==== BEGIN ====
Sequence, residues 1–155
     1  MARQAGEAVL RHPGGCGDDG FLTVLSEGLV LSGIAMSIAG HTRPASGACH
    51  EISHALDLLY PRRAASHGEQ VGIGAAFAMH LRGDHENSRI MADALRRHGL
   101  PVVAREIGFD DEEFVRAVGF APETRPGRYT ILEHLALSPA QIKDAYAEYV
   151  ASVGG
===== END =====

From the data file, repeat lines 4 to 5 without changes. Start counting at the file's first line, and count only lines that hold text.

   101  PVVAREIGFD DEEFVRAVGF APETRPGRYT ILEHLALSPA QIKDAYAEYV
   151  ASVGG